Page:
Tuesday, August 24, 2004

Countdown on Darfur (Washington Post)

Washington Post (Editorial)
August 24, 2004

Countdown on Darfur

Tuesday, August 24, 2004; Page A16

TWENTY-FOUR days have elapsed since the U.N. Security Council gave the government of Sudan a month to stop a campaign of ethnic cleansing by militias and its own troops in the region of Darfur -- and still the killing goes on. Monitors of the African Union and envoys of the United Nations report no substantial improvement. Attacks by the militias on civilians continue, desperate refugees continue to swell under-provided camps in neighboring Chad, and people continue to die by the hundreds each day. The government has offered only cosmetic compliance with the U.N. resolution, and yet it proclaims that it has nothing to fear from a promised review at the end of the month. Its cynicism is understandable, because Western diplomats are suggesting that the council is unlikely to follow through on an implicit threat of sanctions.

Darfur already has become a synonym for dithering by outside powers in the face of genocide. Soon it may also deliver another grim verdict on the ability of the Security Council to back up its own resolutions. Hamstrung by the unwillingness of veto-wielding members, such as China, to intervene, it delayed action for months, then watered down the language it finally adopted on July 30 to omit any direct sanction against the Sudanese regime. Days after that, an agreement between U.N. and Sudanese officials further weakened the pressure on Khartoum: Among other things, it converted a requirement that the government-sponsored Janjaweed militia be disarmed into a Sudanese promise to provide a list of those it admits to controlling.

The government also pledged to set up safe areas to which the more than 1 million displaced people in Darfur could go, protected by its security forces. According to reports by human rights groups, it then proceeded to draft members of the Janjaweed into those very forces, while rounding up a few petty criminals whom it parades as captured militants. It eliminated some of the red tape hampering humanitarian groups but has continued to block aid deliveries on security grounds. The strategy is obvious: to foster the illusion of responsiveness, and thereby thwart any agreement by the Security Council on further action, while allowing its campaign against Darfur's non-Arab population to continue.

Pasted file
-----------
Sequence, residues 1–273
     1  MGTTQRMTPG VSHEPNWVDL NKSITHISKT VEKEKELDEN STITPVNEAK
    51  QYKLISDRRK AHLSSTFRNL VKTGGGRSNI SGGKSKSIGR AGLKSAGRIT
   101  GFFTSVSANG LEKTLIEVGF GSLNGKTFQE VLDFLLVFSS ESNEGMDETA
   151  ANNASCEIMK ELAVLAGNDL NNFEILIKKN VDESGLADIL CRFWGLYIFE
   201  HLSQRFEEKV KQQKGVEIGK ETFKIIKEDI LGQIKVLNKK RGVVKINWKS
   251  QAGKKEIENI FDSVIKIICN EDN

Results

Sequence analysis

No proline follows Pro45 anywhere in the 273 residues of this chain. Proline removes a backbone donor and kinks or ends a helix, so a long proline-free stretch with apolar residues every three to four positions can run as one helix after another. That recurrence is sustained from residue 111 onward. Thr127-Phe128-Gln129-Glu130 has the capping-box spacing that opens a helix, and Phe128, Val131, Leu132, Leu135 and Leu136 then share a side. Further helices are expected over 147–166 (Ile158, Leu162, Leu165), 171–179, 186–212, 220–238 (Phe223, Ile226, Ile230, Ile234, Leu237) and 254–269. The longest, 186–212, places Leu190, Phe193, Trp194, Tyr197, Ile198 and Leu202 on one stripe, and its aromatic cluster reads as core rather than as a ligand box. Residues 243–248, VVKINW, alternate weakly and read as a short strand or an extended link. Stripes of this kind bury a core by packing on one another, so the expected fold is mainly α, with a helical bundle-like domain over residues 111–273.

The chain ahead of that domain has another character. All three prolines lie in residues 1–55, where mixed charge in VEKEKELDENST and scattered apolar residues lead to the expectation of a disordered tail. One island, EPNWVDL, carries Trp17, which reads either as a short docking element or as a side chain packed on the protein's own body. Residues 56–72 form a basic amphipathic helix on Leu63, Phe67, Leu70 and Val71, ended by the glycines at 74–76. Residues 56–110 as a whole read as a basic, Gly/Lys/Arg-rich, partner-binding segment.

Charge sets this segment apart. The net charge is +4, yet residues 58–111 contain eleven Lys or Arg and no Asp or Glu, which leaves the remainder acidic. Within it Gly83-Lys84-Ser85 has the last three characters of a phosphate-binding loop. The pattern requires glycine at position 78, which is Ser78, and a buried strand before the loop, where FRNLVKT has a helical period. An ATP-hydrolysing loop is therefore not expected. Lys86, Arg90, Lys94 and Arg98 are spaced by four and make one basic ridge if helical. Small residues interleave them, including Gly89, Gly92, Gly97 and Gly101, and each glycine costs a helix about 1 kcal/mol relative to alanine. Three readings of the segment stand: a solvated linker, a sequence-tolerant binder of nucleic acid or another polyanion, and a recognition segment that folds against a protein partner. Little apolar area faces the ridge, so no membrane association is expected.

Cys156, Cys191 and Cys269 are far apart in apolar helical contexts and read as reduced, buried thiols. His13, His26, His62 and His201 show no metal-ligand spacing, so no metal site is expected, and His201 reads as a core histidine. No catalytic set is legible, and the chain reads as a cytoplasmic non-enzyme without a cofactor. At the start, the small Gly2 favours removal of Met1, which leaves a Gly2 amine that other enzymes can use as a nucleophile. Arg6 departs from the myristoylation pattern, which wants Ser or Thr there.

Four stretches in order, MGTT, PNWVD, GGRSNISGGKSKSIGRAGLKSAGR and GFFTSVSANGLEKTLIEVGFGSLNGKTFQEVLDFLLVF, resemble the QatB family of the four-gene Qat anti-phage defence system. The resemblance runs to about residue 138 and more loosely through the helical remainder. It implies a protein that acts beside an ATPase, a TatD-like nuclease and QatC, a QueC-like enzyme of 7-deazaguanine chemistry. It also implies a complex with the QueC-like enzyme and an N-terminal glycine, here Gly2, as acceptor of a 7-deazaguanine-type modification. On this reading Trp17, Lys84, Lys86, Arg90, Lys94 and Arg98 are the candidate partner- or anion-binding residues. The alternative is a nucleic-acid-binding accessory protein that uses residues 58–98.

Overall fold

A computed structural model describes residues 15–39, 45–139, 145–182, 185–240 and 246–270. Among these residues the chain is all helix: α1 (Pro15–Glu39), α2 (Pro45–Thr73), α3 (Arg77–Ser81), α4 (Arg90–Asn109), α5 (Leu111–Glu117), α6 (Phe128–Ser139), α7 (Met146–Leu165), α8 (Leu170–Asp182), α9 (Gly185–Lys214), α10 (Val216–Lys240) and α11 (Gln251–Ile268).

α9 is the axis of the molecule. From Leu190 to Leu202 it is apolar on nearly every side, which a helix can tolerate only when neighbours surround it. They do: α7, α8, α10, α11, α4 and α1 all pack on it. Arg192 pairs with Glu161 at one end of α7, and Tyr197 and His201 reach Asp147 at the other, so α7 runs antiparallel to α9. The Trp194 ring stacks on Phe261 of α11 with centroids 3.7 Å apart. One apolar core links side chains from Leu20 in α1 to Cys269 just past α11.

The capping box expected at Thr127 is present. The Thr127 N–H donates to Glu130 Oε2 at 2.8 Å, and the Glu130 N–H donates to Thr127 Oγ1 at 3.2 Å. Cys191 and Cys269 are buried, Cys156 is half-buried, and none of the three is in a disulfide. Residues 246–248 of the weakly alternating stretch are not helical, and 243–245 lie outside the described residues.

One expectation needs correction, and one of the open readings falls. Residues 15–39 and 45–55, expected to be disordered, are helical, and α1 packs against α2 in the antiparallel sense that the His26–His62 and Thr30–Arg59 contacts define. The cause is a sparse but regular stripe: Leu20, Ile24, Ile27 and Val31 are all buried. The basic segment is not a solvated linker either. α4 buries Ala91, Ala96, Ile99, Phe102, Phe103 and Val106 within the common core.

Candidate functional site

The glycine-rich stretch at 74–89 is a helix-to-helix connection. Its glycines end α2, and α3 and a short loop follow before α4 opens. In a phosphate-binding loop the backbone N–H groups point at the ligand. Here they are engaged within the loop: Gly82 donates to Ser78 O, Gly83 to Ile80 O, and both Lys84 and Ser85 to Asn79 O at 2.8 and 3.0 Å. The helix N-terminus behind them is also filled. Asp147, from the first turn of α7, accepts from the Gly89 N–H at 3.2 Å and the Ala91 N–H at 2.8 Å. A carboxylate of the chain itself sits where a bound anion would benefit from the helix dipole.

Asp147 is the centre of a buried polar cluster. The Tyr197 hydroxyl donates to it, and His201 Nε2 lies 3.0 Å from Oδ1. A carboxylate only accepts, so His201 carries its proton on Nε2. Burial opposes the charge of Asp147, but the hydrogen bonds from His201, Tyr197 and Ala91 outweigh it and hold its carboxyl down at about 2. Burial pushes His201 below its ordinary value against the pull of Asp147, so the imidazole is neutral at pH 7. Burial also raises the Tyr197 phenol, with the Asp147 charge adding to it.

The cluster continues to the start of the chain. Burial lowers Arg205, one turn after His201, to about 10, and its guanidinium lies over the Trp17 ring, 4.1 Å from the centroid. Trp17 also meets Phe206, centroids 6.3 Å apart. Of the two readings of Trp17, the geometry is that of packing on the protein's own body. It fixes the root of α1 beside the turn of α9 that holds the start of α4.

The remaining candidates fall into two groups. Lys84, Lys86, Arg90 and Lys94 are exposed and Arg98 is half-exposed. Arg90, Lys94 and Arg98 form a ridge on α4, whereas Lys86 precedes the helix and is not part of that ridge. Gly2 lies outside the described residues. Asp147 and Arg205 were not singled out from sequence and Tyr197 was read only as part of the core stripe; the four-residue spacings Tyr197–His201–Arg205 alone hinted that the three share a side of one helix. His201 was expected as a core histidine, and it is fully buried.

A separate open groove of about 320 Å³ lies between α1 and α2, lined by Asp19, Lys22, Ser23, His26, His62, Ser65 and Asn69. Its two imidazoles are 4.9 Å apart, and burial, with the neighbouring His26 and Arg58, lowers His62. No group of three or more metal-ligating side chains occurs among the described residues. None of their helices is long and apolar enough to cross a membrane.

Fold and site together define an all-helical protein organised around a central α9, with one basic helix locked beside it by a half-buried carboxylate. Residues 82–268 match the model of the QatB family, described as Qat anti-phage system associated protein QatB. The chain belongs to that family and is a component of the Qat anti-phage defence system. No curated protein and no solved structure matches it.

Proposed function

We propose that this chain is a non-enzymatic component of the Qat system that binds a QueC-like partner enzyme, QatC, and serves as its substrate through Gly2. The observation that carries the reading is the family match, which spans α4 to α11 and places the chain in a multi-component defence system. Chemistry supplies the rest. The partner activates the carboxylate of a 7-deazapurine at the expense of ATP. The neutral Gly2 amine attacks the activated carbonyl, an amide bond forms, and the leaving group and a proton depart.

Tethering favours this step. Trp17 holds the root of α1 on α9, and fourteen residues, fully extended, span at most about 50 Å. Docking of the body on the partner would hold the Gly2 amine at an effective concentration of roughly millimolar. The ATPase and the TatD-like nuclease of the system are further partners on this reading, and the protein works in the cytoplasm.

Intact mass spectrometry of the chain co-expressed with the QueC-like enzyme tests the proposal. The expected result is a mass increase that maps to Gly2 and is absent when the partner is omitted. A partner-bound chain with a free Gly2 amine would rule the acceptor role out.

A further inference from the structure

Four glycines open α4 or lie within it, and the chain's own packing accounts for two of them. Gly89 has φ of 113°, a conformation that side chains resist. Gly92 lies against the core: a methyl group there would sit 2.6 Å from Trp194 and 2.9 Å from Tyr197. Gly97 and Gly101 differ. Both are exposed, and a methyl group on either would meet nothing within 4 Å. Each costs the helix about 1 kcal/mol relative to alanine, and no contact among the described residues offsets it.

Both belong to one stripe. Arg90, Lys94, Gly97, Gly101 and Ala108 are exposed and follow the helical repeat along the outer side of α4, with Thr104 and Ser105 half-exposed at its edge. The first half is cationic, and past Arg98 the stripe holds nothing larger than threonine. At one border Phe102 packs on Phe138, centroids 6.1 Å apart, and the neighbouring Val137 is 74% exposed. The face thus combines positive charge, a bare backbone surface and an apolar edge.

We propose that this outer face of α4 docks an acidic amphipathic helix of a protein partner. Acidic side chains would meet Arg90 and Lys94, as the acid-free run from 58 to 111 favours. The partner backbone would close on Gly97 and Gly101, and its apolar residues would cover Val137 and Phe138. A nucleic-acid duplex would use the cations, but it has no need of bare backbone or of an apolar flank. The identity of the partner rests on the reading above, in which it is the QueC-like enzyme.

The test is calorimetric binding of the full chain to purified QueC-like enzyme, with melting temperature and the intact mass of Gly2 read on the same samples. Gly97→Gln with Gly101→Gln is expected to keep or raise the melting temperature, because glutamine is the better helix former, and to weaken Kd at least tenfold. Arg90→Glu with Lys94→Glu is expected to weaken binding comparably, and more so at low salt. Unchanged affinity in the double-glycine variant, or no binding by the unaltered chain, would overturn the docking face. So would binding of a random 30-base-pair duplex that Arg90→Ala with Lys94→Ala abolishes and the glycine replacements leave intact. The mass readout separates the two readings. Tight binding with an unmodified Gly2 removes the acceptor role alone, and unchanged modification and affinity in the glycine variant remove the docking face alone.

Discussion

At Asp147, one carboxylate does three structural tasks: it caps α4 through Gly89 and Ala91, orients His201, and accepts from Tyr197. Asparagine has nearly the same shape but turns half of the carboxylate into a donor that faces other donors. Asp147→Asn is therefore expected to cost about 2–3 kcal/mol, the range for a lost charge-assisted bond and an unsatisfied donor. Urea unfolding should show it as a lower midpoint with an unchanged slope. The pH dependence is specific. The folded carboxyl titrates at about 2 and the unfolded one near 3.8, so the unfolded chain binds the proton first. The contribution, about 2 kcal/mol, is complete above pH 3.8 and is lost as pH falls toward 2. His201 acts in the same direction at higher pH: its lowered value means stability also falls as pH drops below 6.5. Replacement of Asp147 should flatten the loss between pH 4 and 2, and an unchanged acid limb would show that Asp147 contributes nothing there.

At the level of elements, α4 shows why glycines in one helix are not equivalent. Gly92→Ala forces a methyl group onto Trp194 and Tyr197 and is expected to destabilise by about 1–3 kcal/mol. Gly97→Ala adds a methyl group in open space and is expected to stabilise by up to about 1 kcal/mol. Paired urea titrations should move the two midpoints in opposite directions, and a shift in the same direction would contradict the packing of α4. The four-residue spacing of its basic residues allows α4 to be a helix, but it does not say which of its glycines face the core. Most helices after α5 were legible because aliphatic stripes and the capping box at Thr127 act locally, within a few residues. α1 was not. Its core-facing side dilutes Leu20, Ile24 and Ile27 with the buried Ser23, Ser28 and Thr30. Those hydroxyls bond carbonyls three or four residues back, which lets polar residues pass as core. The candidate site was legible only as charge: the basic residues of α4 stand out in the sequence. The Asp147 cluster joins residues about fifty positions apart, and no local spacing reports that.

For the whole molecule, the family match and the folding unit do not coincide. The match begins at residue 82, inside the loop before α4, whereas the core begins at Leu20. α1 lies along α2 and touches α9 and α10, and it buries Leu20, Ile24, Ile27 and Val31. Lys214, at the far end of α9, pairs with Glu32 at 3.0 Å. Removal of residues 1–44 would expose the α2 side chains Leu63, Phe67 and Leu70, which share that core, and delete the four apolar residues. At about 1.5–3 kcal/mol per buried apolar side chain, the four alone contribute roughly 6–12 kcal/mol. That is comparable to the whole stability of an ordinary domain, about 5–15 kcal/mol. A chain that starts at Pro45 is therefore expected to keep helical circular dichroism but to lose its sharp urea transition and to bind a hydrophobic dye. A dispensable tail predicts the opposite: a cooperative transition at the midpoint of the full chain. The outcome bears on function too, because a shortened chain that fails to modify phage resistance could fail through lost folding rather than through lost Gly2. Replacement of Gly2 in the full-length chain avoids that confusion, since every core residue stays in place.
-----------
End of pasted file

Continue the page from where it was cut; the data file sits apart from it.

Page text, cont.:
The only dim light in this gloomy picture is the action of the African Union. Its monitors in Darfur have reported honestly about violations of a cease-fire between the government and rebel groups; it is sponsoring peace talks between the government and rebels. Most significantly, it has dispatched 150 (soon to be 300) troops to the region, nominally as guards for the monitors, and offered to send thousands more to help disarm militias and safeguard civilians. The government has rejected this offer, which represents probably the best chance of preventing hundreds of thousands more civilian deaths in the coming months. That makes the duty of the Security Council obvious: to conclude its 30-day review by mandating the deployment of the African force and insisting on its acceptance by Khartoum. The alternative is more dithering, and more deaths.